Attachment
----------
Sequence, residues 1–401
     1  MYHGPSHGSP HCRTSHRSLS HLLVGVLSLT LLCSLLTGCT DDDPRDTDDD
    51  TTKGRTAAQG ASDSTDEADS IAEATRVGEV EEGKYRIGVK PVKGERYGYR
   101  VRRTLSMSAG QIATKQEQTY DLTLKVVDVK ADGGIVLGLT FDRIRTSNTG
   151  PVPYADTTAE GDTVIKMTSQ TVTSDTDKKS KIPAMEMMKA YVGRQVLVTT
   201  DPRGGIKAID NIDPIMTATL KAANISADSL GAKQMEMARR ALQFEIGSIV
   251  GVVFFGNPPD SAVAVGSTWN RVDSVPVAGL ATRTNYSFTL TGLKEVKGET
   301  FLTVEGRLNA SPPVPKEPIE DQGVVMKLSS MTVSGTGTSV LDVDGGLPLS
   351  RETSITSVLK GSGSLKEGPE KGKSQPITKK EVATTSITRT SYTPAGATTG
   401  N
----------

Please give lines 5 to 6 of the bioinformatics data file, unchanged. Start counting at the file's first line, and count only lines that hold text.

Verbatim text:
   151  PVPYADTTAE GDTVIKMTSQ TVTSDTDKKS KIPAMEMMKA YVGRQVLVTT
   201  DPRGGIKAID NIDPIMTATL KAANISADSL GAKQMEMARR ALQFEIGSIV